The calibration, or post-stratification process, also needs special care at the time of analysis. Generally, when there is no weighting calibration, it is sufficient to input the variables that define the strata, the PSUs, the type of design and the weightings corrected for non-response into the statistical program at the time of analysis. However, when the weightings go through a process of post-stratification, we must also input the population projections and the categories used for population total adjustments in the weighting calibration process. This information is provided by IBGE along with the database, however, not all statistical packages that perform analysis of complex sample data have this option.
In the case of PNS, there is a set of information related to the household and all its residents, including weightings corrected for non-response, both with and without calibration , the population projections and the categories of population projections. The same is true for the selected resident. The important thing is knowing when to use each one.
The final weightings with calibration adjustment should be used when it is not possible to incorporate the process of post-stratification into the analysis (informing the population projections and the categories of population projections) as the one-off estimates (average, totals, proportions) generated with this weighting are correct.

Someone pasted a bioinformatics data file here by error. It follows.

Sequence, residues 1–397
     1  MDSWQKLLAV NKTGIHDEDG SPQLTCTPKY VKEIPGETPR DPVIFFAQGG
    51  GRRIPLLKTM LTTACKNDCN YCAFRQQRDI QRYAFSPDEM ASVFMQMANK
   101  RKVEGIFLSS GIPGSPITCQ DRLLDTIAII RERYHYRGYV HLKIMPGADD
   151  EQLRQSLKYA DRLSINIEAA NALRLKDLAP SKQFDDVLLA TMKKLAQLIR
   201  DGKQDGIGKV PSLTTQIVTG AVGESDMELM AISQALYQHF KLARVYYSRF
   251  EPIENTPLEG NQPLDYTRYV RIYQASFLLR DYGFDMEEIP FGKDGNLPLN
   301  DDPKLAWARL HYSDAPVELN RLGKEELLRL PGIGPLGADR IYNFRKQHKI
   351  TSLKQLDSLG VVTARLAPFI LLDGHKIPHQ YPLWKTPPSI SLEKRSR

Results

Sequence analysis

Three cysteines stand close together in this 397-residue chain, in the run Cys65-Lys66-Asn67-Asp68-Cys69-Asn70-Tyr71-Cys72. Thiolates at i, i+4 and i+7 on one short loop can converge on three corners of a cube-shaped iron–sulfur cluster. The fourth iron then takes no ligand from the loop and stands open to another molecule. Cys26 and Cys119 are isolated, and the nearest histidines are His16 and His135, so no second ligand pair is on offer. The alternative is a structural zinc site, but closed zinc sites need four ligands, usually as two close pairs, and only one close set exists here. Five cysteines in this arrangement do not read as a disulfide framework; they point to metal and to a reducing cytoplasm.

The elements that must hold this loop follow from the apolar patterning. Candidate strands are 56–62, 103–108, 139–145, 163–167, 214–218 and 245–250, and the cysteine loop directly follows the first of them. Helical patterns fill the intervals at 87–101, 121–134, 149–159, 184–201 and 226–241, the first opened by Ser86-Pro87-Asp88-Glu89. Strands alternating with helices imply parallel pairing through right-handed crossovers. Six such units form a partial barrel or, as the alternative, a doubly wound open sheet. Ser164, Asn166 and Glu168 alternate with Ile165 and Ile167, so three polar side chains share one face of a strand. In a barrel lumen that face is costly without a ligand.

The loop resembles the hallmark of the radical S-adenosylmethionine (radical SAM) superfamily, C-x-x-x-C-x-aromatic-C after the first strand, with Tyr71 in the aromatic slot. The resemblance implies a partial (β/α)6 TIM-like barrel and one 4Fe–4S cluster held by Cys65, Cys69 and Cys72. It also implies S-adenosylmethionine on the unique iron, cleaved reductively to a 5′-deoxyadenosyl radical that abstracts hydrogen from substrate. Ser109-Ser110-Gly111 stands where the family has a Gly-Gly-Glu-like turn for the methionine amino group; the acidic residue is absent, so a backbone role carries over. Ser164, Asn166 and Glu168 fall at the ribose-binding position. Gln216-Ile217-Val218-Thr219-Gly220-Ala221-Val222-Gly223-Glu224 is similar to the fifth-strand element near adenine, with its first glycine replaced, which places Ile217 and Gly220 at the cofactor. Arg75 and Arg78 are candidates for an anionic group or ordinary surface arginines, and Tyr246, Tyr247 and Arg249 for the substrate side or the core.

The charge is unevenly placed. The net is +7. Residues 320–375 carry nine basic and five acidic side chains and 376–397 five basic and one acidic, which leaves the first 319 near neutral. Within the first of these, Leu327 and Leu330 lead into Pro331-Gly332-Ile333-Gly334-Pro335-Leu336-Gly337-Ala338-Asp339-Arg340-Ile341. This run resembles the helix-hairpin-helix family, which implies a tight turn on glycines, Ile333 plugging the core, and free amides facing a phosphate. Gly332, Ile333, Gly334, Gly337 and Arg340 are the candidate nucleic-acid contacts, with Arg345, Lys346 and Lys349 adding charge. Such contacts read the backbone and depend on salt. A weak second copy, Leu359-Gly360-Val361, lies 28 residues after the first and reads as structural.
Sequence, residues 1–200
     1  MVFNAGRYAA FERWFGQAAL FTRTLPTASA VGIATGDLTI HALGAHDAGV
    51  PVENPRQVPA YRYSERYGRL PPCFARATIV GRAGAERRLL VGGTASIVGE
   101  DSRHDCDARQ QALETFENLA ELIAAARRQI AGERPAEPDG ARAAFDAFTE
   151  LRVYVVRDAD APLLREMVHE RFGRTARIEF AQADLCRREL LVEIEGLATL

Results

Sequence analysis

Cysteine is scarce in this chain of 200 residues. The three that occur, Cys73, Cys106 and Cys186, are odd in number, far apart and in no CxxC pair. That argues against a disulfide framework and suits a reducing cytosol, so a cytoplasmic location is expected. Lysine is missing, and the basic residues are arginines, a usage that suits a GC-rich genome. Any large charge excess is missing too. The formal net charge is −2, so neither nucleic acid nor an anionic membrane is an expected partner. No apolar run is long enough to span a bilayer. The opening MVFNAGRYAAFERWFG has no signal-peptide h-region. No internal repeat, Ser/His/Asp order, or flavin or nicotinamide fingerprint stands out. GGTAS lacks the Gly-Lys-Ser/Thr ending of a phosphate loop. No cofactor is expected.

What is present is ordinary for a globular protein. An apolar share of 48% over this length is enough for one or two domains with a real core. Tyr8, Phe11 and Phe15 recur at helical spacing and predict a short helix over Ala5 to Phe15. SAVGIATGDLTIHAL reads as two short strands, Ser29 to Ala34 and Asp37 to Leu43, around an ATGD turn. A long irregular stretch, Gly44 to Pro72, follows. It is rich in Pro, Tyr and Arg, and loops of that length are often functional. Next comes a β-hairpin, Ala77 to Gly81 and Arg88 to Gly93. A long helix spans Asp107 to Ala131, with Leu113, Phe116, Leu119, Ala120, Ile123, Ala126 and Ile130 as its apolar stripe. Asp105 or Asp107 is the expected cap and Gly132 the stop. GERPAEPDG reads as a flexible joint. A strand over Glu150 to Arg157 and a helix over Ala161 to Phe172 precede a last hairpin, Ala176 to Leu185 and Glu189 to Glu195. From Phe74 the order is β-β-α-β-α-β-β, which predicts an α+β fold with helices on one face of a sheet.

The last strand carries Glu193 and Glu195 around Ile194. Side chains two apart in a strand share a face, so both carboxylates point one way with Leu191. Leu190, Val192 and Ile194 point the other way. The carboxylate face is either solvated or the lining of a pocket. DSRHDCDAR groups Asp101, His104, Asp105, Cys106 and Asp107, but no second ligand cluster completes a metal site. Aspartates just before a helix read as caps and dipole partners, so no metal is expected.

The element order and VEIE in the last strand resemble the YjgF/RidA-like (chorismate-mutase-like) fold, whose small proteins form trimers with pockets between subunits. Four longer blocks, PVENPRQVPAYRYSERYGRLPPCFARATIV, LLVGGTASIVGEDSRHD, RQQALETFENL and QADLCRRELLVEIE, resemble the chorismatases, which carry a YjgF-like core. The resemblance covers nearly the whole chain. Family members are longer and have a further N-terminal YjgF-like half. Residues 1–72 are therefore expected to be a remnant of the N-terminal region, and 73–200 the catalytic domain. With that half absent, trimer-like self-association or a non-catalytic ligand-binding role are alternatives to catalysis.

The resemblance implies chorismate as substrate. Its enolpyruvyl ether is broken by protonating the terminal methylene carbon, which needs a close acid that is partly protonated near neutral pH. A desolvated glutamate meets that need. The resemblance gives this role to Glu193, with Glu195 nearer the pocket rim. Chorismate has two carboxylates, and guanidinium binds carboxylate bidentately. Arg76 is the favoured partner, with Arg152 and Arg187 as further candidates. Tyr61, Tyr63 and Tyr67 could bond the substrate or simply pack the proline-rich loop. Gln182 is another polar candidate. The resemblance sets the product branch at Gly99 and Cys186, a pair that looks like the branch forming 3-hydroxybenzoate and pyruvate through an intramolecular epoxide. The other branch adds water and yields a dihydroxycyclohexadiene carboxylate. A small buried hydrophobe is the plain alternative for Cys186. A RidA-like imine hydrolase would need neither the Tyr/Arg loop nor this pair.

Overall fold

For professionals with little experience in analyzing data from complex samples, the database and necessary information about the variables that define the sampling plan and that have to be used for the data analysis in the statistical packages for complex data analysis are available at the PNS website (http://www.pns.icict.fiocruz.br/).
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- 5Freitas MPS, Antonaci GA. Sistema Integrado de Pesquisas Domiciliares: amostra mestra 2010 e amostra da PNAD contínua. Rio de Janeiro: IBGE; 2014 [citado 2015 mar 28]. (Texto para discussão; 50). Disponível em: http://biblioteca.ibge.gov.br/visualizacao/livros/liv86747.pdf
- 6Cochran WG. Sampling techniques. 3th. New York: John Wiley & Sons; 1977.
- 7Vasconcellos MTL, Silva PLN, Szwarcwald CL. Aspectos de amostragem da Pesquisa Mundial de Saúde no Brasil. Cad Saude Publica. 2005;21 supl 1:589-99.
- 8Ruiz CMM, Silva PLN. Explorando alternativas para a calibração dos pesos amostrais da Pesquisa Nacional por Amostra de Domicílios. In: 6º Congreso de la Asociación Latinoamericana de Población [Internet]; 2014 ago 12-15; Lima. Peru: Asociación Latinoamericana de Población; 2014 [citado 2015 fev 2]. Disponível em: http://www.alapop.org/Congreso2014/DOCSFINAIS_PDF/ALAP_2014_FINAL948.pdf